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5 key talking points ahead of a challenging French test for Wales

Wales face a tough Six Nations test against France in Paris (Nick Potts/PA) (PA Archive)
Wales face a tough Six Nations test against France in Paris (Nick Potts/PA) (PA Archive)

Wales conclude what has been a largely underwhelming Guinness Six Nations campaign when they tackle France in Paris on Saturday.

Warren Gatland’s team are huge outsiders against the free-scoring French, who are fresh from demolishing England 53-10 at Twickenham.

Here, the PA news agency looks at some key talking points heading into the game.

Wales face a formidable challenge

Statistics scream from the page when assessing the size of Wales’ task. One glance at the Six Nations table reveals all, with France having scored 16 tries and 133 points in four games. They are joint-top of the try chart with leaders Ireland, and have amassed more points than any other team. Wales, in contrast, can reflect on just seven touchdowns and the tournament’s worst points difference. Defensively, only Italy have conceded more tries than Gatland’s side, so everything points to Les Bleus dominating. A bonus-point victory for France would keep their title hopes alive, although Ireland remain odds-on favourites.

Antoine Dupont – a master at work

Wales attack coach Alex King has compared the France captain’s influence on international rugby with that of New Zealand superstar Dan Carter, who enjoyed a stellar All Blacks career across 112 Test matches. The dynamic scrum-half’s extraordinary standards never seem to dip, and he has proved the on-field catalyst of French rugby’s renaissance under head coach Fabien Galthie. World player of the year accolade and a Six Nations Grand Slam nestling in his career portfolio, Dupont could now lead France to a first World Cup triumph on home soil in just over seven months’ time. At 26, he is already a true great of the game.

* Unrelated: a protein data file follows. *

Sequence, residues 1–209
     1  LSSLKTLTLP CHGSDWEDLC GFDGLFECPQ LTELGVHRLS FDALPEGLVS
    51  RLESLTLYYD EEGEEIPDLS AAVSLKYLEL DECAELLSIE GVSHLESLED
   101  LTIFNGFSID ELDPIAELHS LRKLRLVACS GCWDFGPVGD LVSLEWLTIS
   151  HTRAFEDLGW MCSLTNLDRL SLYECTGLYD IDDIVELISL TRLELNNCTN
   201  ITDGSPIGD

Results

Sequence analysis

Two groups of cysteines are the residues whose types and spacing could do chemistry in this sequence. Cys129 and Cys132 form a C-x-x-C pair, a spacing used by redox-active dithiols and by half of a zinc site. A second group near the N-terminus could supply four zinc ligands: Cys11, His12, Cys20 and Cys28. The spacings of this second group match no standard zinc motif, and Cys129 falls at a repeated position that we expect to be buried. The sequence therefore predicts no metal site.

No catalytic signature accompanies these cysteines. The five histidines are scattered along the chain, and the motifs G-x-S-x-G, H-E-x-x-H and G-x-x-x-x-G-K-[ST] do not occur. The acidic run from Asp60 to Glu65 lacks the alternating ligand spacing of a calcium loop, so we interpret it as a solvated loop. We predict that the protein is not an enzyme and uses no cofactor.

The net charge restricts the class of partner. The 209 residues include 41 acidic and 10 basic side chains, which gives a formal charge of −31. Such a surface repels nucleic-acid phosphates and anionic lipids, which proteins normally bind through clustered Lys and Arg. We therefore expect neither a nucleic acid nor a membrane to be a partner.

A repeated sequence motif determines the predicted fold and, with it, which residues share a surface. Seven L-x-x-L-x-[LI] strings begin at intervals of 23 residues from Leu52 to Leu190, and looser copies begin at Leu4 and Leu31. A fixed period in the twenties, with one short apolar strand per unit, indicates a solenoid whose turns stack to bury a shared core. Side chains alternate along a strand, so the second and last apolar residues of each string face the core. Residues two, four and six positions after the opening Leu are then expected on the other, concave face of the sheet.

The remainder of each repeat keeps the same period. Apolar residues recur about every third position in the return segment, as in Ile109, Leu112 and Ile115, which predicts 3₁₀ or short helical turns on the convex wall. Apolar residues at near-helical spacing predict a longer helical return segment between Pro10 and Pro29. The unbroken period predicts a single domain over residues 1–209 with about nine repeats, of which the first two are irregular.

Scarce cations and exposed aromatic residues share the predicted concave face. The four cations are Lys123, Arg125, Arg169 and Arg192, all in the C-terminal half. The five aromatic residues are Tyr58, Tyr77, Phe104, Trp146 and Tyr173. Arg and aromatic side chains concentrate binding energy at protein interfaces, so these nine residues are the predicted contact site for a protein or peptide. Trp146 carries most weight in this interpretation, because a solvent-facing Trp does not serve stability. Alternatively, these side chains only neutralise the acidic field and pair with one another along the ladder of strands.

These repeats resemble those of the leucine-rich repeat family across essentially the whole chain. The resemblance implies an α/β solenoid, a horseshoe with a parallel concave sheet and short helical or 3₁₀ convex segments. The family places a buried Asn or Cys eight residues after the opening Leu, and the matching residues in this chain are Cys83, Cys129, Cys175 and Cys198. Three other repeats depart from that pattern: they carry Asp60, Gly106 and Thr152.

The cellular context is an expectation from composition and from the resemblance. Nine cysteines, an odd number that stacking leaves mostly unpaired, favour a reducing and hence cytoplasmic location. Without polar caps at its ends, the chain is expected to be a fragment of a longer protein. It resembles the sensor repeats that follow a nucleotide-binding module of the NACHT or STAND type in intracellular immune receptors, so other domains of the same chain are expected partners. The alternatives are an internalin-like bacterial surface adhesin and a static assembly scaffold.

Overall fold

Wales have impressed in Paris

While the bookmakers are unlikely to give Wales even the slightest of glances regarding an away win this weekend, the visitors can at least take heart from recent performances in the French capital. They have won on three of their last five Six Nations visits to Paris, taking the spoils in 2013 (16-6), 2015 (20-13) and 2019 (24-19). And the losses were by just two points on each occasion, suggesting it was not a venue they encountered too much trouble with during Gatland’s previous 11-year stint as head coach. Since he left after the 2019 World Cup, though, France have won a Six Nations Grand Slam and toppled the likes of New Zealand, South Africa, Australia and Ireland in Paris.

Taulupe Faletau joins Wales’ 100-cap club

Faletau will become the eighth player to clock up a century of Test match appearances for Wales when he packs down in the back-row against France. Faletau joins a list that features Alun Wyn Jones, Gethin Jenkins, George North, Dan Biggar, Stephen Jones, Gareth Thomas and Martyn Williams, and he is only the fourth Welsh forward to achieve that landmark. The Cardiff number eight has excelled during a 12-year international career that also includes three British and Irish Lions tours, and his performances have rarely waned. He has been a go-to player for Gatland, who handed him his Wales debut in 2011, and remains a hugely-influential performer.

World Cup picture clearer for Gatland?

Wales have endured a difficult season-and-a-half, winning only four of their last 16 Tests, with Gatland taking over when Wayne Pivac left after the Autumn Nations Series that included a home defeat against Georgia. The World Cup countdown to France 2023 continues, and new players have emerged like centres Mason Grady and Joe Hawkins, wing Rio Dyer, lock Dafydd Jenkins and flanker Jac Morgan, while others currently injured – Dewi Lake, Will Rowlands and Josh Navidi – Gatland will hope can come under consideration. Whether Wales have enough strength in depth and sufficient quality to challenge is questionable, but it is also realistic to expect improved showings during World Cup warm-up games and then into the tournament.